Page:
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Author: Megan Williams

Keeping up with emerging technology in healthcare is a complex endeavor.  That's because the industry is in constant flux and typically has a slow technology adoption rate which can be sensitive to multiple factors—including the current pandemic, patient engagement trends, and drastic demographic shifts. 

As the sector is finally allowing itself to be reshaped, industry professionals can benefit from learning about new technology in healthcare including solutions to improve patient access, patient care, and healthcare provider capabilities.  Here is a collection of new technology in healthcare that made the biggest impressions in 2021.

Digital technologies in your home and your hospital room

The way patients engage with and experience their healthcare system is rapidly evolving, as are patients’ expectations for self-service, instantly accessible, personalized experiences.  The patient journey can be mapped by digital entry points, for example, via the web, mobile applications, contact centers, AI chat bots, and other tools.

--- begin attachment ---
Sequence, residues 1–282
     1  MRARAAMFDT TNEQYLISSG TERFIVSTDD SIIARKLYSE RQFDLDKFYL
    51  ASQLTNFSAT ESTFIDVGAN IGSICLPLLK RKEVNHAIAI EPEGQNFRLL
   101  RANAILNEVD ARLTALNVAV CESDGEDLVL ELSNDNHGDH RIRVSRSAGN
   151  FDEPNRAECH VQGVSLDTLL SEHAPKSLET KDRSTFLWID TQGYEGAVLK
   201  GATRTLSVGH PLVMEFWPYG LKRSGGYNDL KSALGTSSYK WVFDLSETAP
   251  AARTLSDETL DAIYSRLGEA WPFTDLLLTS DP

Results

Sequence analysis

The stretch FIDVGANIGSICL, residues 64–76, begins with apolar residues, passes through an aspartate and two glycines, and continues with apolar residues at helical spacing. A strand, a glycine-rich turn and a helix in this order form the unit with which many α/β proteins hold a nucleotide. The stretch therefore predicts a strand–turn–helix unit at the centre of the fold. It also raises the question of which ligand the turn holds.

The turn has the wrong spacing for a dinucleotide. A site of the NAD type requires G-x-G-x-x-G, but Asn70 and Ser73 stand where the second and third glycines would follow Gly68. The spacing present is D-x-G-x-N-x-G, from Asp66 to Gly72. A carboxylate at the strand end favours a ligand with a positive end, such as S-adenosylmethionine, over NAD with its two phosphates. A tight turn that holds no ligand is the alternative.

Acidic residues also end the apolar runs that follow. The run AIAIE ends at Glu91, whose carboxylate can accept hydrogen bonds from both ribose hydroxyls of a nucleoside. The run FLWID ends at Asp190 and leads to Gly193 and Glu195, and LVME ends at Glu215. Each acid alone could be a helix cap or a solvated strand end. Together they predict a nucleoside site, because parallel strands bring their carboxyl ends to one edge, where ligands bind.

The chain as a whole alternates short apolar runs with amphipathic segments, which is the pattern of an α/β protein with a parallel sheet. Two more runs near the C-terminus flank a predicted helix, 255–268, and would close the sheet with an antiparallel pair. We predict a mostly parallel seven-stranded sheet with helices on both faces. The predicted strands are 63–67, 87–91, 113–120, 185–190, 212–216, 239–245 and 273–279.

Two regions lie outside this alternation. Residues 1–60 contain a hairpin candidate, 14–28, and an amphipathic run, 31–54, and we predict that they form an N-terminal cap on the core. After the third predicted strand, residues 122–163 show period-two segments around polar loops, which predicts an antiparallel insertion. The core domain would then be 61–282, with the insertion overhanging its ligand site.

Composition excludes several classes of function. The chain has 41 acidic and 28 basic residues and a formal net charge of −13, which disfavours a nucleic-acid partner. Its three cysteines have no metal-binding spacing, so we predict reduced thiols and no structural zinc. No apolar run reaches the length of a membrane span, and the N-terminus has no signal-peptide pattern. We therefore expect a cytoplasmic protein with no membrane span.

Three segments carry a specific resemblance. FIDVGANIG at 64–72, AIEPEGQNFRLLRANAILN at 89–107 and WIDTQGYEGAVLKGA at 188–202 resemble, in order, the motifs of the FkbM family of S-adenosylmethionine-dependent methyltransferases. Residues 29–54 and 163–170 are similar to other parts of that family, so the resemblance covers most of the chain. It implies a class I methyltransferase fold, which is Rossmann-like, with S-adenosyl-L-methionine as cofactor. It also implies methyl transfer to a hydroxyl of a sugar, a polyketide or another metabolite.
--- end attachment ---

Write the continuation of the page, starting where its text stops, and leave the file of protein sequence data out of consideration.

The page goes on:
The concept is borrowed from other industries, such as retail, entertainment and hospitality. The goal is to anticipate the needs of patients, address consumer pain points and provide intuitive, patient-centered experiences whenever possible. This includes online interactions, in-person experiences and interactions with the healthcare revenue cycle.

Major hospital systems including Ascension, Intermountain and Bon Secours have expanded their digital strategies by introducing apps, social media initiatives, search-optimized content and more, leveraged alongside traditional care, to create a more holistic patient experience.

For some providers, this experience extends to wherever patients are, including the hospital room. Smart hospital rooms feature patient-centered comforts, such as in-room entertainment, pillow speakers, access to streaming services, education materials, AI assistants and even interaction with medical records and communications with care teams.

The cloud is changing everything it touches